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Helping pets have a good end-of-life with hospice care

Suki, a 15-year old Cairn terrier, enjoys a little sunshine and a patch of green. Her owners are choosing pet hospice and palliative care as her health declines. Todd Bookman/WHYY

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Paul Rozin has seen lots of dogs come and go during his 79 years. Suki, you get the sense, wouldn’t make his Hall of Fame.

“Among the dogs I’ve had,” Rozin said, “I would say she’s less than average in intelligence.”

But it seems what she lacks in brains, the shaggy white Cairn terrier more than makes up for in loyalty.

“She’s been a good companion and she’s surprisingly young. I mean, if you look at her, you wouldn’t think she was 15 years old. She’s pretty active,” he said.

Paul Rozin with Suki.

Suki is starting to show her years in other ways, though. She has developed a heart murmur and arthritis in her back legs, and she has started leaving unwanted puddles around the house.

That has in part prompted a home visit from Tam Mengine, who runs White Whiskers Vet in the Philadelphia suburbs. She is one of a fast growing number of veterinarians who specialize in end-of-life and hospice care, avoiding aggressive treatments and instead focusing on managing symptoms and reducing an animal’s pain or anxiety.

“Maybe they are sniffing the smells on the porch and watching the birds instead of chasing them through the woods, they are still happy,” Mengine said. “So why not let them have that joy?”

But the pet hospice concept is also aimed at owners. It helps them avoid hard decisions about expensive treatments, and, when the time comes, choose in-home euthanasia.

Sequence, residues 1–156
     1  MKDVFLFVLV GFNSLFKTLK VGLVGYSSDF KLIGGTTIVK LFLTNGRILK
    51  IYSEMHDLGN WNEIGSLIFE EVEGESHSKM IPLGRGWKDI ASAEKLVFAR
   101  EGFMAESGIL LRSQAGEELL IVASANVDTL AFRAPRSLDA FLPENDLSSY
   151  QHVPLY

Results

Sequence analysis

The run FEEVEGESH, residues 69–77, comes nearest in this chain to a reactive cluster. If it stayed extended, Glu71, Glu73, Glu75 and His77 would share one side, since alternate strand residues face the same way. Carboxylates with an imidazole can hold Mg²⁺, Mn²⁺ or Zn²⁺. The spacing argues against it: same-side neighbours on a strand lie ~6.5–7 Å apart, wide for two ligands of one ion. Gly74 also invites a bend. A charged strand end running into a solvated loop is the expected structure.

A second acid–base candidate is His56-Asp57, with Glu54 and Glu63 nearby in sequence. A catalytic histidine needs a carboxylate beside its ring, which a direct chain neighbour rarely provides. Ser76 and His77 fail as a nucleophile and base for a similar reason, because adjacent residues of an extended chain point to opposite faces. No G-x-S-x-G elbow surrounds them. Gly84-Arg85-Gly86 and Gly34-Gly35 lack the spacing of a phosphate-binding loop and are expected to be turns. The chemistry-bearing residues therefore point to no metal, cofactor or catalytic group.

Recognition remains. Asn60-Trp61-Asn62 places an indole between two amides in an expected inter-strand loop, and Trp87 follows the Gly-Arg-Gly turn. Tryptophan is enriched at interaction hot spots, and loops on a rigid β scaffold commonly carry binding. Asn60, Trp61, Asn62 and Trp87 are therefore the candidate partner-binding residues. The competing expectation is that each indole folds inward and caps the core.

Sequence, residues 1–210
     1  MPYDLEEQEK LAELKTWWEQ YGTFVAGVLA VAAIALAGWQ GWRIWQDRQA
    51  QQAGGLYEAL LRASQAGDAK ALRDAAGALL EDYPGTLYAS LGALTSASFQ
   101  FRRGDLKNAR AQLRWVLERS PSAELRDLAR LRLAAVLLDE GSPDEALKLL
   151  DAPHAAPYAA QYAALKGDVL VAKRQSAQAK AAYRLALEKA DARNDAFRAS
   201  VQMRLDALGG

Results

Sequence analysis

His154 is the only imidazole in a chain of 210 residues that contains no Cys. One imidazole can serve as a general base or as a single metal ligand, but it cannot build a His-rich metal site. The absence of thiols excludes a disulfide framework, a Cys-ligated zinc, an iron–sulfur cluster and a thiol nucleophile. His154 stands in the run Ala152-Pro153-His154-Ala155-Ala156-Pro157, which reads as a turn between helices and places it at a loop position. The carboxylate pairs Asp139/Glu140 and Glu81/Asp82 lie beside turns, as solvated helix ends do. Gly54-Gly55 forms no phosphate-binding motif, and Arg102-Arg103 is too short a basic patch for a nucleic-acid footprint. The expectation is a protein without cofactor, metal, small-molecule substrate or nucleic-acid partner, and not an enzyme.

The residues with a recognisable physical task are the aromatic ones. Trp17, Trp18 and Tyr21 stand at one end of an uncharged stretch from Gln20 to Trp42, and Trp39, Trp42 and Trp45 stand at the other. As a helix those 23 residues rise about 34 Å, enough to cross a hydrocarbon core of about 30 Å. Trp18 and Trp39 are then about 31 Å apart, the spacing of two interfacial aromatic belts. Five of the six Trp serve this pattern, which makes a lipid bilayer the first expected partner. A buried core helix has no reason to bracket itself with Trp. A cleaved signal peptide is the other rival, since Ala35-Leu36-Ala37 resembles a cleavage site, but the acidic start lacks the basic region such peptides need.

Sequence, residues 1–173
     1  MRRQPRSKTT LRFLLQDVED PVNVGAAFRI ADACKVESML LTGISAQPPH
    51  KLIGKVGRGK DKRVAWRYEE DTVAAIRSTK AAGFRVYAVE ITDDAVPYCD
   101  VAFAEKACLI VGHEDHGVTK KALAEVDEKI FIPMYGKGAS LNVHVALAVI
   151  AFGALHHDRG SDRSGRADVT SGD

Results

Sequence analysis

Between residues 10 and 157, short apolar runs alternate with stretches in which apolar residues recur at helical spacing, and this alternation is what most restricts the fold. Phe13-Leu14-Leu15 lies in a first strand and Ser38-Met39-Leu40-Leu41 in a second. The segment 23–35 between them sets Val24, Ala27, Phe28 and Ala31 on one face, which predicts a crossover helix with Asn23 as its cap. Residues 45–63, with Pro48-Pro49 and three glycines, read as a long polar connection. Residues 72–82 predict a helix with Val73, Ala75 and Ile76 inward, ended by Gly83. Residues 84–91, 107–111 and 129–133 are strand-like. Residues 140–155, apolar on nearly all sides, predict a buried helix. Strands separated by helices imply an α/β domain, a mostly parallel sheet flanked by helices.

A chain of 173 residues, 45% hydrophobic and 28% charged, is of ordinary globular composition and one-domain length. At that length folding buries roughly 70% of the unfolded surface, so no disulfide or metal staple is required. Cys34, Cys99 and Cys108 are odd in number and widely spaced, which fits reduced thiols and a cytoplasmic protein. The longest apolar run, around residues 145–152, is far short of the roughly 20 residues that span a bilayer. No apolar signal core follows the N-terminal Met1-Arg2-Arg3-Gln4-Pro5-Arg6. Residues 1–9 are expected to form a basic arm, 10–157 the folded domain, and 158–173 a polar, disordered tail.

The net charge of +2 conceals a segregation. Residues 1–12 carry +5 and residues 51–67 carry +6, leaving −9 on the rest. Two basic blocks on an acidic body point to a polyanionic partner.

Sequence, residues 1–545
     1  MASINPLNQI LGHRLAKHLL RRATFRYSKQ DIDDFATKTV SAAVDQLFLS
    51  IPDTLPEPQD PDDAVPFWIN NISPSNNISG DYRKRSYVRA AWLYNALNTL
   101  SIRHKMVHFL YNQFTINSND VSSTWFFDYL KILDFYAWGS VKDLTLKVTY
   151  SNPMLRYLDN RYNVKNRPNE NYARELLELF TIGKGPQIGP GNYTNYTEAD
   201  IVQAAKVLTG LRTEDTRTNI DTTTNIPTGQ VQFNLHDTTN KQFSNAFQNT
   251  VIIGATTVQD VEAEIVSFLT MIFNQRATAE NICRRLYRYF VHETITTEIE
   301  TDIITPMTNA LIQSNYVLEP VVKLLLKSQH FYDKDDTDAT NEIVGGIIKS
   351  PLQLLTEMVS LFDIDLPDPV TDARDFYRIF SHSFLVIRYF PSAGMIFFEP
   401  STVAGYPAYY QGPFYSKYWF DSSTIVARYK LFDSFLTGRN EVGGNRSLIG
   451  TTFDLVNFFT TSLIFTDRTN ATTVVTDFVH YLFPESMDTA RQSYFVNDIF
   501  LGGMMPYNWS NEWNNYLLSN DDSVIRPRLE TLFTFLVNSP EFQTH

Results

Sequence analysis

“The greatest gift that we give the pet is the release from pain and suffering. And the greatest gift that we can give the family is the release of guilt and the privacy to grieve,” said Dani McVety, co-founder of Lap of Love, a national franchise of animal hospice providers.

Launched in 2009, the company now operates a network of 80 vets who did more than 15,000 home visits last year. Their clients do pay a premium: in-home euthanasia runs about $250, more than many clinics charge.

Suki, though, isn’t quite there yet. Her vet suggests  that Paul Rozin start her on a joint supplement for the arthritis, and continue monitoring the bladder issues.  

Rozin is also going to enjoy the time they have left together.

“I give her more treats than I used to,” he said.  “She likes the dried chicken. I used to give her one or two, but now I really spoil her. I mean, what the hell. That’s one of the things she really loves.”

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